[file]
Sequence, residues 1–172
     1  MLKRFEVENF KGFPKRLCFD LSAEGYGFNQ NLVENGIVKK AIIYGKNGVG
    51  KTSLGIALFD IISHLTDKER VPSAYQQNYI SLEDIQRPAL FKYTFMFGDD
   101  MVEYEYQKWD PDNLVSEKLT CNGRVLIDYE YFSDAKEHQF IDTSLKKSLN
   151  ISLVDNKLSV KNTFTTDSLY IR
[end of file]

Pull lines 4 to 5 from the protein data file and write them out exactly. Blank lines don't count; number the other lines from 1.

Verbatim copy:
   101  MVEYEYQKWD PDNLVSEKLT CNGRVLIDYE YFSDAKEHQF IDTSLKKSLN
   151  ISLVDNKLSV KNTFTTDSLY IR